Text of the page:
COVID-19: Prohibited gatherings and activities

Government Directions affecting business and community activities 

On 15 March 2020 the WA government declared a State of Emergency in response to the COVID-19 pandemic. This allows it to use emergency powers to create legally enforceable directions (rules) which aim to limit the spread of COVID-19 in WA and manage its impact.

Over the course of the pandemic a range of different directions have been imposed to control community gatherings, activities and public access to certain places in Western Australia.  These directions have been updated as circumstances have changed.

What sorts of rules are currently in place that affect business and community activities?

There are now very few government directions that affect business and community activities, however, there are still some in place that affect hospitals, residential disability and aged care facilities, correctional facilities and travel on public transport. These rules relate mainly to mask wearing and proof of vaccination. 

Summary of the rules affecting business and community activities

The WA government has a section of its website dedicated to providing information about the pandemic, titled COVID-19 coronavirus

Under this section, there is a webpage titled Baseline COVID-19 coronavirus: What you can and can't do which provides a useful overview of the rules that currently affect business and community gatherings and activities. 

From that webpage you can access another webpage COVID-19 Coronavirus: Baseline public health and social measures - frequently asked questions which provides detailed information about the current rules. 

Is it an offence to break these rules?

Yes, if you break the rules contained in any of the directions imposed in response to the pandemic, police can charge you with a criminal offence.

If you are prosecuted for the offence in court and you are convicted, the maximum penalty is 12 months imprisonment or a fine of $50,000.

Instead of prosecuting you through court, police can issue you with a $1000 infringement

If the offence is committed by a body corporate, the maximum penalty is a $250,000 fine if dealt with in a court, or a $5,000 infringement.

Accessing the directions 

It may be important for you to access the actual directions, rather than just an overview. This may be so you can check the date when they came into operation or check certain definitions.

If you want to check the directions because you have been charged with breaking the rules contained in them, you should consider getting advice from a lawyer to make sure you fully understand your legal position before making decisions about the charge.

The WA government website provides access to the directions under its Publications section. Here are the current directions affecting business and community activities:

Contact registers – what happens to your information?

Over the pandemic, directions about contact registers have required us to provide our contact information when we enter certain places in the community and have required those places to keep a record of that information. This is so that contact tracing can be done to track the spread of COVID-19 in the community.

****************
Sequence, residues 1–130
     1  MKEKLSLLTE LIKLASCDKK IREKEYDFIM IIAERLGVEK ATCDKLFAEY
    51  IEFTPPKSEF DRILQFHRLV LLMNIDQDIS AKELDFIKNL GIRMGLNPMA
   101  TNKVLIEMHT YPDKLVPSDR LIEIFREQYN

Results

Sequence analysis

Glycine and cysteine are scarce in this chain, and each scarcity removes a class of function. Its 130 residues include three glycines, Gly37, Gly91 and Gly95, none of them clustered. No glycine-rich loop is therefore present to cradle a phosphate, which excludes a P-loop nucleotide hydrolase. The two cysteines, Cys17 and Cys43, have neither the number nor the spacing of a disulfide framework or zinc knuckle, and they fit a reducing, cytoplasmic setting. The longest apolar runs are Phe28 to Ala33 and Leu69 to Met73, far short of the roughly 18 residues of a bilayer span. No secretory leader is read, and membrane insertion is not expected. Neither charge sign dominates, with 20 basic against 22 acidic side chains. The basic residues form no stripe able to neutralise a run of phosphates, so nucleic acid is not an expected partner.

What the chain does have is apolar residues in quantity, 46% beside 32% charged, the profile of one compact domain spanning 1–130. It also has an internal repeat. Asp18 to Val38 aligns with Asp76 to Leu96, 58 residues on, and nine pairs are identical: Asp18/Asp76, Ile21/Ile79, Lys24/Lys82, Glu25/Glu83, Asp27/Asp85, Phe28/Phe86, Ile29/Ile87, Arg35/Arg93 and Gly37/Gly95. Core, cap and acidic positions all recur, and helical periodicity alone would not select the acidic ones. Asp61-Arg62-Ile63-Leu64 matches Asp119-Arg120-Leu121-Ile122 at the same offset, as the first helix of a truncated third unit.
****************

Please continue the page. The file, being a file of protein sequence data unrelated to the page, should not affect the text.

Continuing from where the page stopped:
If you are required to provide contact information (also called entry registration information), you must do so either manually or electronically (through the 'SafeWA' or 'ServiceWA' app). 

In June 2021 new laws were introduced to ensure better protection of your contact information. These laws are contained in the Protection of Information (Entry Registration Information Relating to COVID-19 and Other Infectious Diseases) Act 2021. They were backdated to apply to all contact information provided from 5 December 2020.

Under these laws, your contact information can only be used:

  • for contact tracing or something related to contact tracing, or
  • for obtaining statistical or summary information with approval from the Chief Health Officer, or
  • to investigate or prosecute offences related to providing or recording contact information, including giving false or misleading contact information, or
  • to investigate or prosecute offences related to storing, destroying, using or disclosing contact information.

Any other use of contact information is not allowed.

Contact information must be stored securely by the venue for 28 days (starting from the day after it is provided). It must be destroyed as soon as possible after that, unless it is needed for contact tracing, the investigation of an offence or court proceedings.  If it is needed for contact tracing, the responsible person for the venue will be told how long it must be kept and it must be destroyed as soon as possible after that.

It is an offence to fail to store contact information securely. It is also an offence to destroy it, or fail to destroy it, in accordance with these laws. The maximum penalty for these offences includes a fine of $20,000 and 12 months imprisonment.


Reviewed:  5 May 2022


The information displayed on this page is provided for information purposes only and does not constitute legal advice. If you have a legal problem, you should see a lawyer. Legal Aid Western Australia aims to provide information that is accurate, however does not accept responsibility for any errors or omissions in the information provided on this page or incorporated into it by reference.